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Crystallographic Studies of Rhodopsins: Structure and Dynamics

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Rhodopsin

Abstract

Crystal structures have provided detailed insight in the architecture of rhodopsin photoreceptors. Of particular interest are the protein–chromophore interactions that govern the light-induced retinal isomerization and ultimately induce the large structural changes important for the various biological functions of the family. The reaction intermediates occurring along the rhodopsin photocycle have vastly differing lifetimes, from hundreds of femtoseconds to milliseconds. Detailed insight at high spatial and temporal resolution can be obtained by time-resolved crystallography using pump-probe approaches at X-ray free-electron lasers. Alternatively, cryotrapping approaches can be used. Both the approaches are described, including illumination and sample delivery. The importance of appropriate photoexcitation avoiding multiphoton absorption is stressed.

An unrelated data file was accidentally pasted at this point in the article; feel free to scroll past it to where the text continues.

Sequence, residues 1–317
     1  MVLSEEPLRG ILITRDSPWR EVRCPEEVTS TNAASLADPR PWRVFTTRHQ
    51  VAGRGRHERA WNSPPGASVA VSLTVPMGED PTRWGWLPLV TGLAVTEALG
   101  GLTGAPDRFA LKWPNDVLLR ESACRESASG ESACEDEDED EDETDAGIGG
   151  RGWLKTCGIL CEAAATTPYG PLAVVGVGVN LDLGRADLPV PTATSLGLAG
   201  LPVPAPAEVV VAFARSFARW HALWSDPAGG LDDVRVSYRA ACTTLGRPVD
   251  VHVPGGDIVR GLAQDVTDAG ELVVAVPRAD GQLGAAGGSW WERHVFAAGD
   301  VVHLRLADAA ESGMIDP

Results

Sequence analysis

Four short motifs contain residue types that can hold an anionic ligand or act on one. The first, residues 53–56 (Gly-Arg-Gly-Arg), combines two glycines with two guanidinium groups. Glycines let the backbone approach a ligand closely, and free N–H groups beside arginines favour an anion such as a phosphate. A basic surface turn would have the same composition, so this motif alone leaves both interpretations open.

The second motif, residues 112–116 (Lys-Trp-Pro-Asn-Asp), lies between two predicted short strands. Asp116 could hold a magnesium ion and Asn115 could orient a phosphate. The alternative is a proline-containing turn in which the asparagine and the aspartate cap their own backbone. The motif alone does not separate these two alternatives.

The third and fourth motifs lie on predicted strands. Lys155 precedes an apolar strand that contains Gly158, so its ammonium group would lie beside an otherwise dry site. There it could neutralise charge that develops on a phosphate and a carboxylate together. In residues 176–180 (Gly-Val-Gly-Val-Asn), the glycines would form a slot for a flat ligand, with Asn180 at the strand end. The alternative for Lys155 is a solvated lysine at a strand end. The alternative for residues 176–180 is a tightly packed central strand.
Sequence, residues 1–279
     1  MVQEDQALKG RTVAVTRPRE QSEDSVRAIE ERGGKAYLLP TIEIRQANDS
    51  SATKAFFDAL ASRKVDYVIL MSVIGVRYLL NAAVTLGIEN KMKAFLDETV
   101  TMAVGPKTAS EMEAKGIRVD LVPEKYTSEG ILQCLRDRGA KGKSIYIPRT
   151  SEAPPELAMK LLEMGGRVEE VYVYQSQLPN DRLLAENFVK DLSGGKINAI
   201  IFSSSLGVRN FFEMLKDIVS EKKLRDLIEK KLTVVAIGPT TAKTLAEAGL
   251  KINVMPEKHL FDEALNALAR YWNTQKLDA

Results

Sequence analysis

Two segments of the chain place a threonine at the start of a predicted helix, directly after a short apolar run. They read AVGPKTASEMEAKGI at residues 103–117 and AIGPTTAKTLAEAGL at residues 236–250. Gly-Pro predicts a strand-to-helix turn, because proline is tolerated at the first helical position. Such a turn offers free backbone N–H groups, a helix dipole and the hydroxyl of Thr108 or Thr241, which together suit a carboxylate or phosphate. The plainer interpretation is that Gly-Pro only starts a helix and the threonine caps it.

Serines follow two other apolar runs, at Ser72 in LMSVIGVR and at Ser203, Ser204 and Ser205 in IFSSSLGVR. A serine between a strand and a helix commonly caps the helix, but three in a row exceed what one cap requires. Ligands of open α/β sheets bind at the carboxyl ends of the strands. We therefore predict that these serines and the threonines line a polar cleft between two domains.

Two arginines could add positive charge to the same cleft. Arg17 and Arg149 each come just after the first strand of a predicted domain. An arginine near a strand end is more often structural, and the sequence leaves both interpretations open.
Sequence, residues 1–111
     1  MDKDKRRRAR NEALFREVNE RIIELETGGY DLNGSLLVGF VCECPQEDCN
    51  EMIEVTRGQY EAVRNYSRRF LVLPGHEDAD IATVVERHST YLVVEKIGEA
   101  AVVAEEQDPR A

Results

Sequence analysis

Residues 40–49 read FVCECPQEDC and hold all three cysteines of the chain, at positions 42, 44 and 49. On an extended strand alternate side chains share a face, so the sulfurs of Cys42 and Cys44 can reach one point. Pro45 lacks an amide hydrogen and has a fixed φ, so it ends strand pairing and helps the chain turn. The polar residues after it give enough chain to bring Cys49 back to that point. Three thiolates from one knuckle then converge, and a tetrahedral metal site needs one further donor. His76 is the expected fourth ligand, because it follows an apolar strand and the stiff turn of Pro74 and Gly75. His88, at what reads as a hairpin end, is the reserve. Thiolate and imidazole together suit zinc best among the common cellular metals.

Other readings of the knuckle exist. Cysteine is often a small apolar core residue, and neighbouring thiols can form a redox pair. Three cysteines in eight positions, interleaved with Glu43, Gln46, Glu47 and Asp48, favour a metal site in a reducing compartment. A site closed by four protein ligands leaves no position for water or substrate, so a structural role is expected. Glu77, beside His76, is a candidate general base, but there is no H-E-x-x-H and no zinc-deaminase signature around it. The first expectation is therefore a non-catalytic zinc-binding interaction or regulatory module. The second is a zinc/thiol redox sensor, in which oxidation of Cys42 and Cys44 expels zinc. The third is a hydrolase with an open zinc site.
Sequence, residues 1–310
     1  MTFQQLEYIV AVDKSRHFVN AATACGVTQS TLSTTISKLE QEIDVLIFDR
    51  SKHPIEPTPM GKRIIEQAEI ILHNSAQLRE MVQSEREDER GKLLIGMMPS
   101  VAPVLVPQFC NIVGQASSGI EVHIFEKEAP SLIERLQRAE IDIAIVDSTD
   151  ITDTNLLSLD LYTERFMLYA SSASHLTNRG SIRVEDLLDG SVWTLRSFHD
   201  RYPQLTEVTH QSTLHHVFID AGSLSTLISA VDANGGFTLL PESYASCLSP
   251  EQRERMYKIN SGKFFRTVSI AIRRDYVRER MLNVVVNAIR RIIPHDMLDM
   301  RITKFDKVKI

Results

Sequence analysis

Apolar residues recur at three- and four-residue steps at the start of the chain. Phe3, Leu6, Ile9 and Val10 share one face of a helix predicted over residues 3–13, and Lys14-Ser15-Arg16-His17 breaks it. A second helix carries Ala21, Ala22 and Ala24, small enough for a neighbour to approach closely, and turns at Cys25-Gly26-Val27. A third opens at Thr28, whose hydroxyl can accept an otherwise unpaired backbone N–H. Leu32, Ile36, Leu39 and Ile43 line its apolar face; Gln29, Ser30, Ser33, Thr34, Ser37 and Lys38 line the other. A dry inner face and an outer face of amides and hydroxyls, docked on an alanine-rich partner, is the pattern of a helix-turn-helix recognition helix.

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Notes

  1. 1.

    The photocycle intermediates and their nomenclature in microbial rhodopsins were originally established in bR: K and O are red-shifted intermediates, L, M, and N are blue-shifted. Animal rhodopsins have similar intermediates called Batho, Lumi, Meta I, and Meta II. Additional transient species exist in both systems. The I (Photo) intermediate, an excited state, is formed within 200 fs, the K (Batho) intermediate within a few ps, Lumi in ns, L and then M (Meta I) in μs, N (Meta II) in ms, followed by O.

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Grünbein, M.L. et al. (2022). Crystallographic Studies of Rhodopsins: Structure and Dynamics. In: Gordeliy, V. (eds) Rhodopsin. Methods in Molecular Biology, vol 2501. Humana, New York, NY. https://doi.org/10.1007/978-1-0716-2329-9_7

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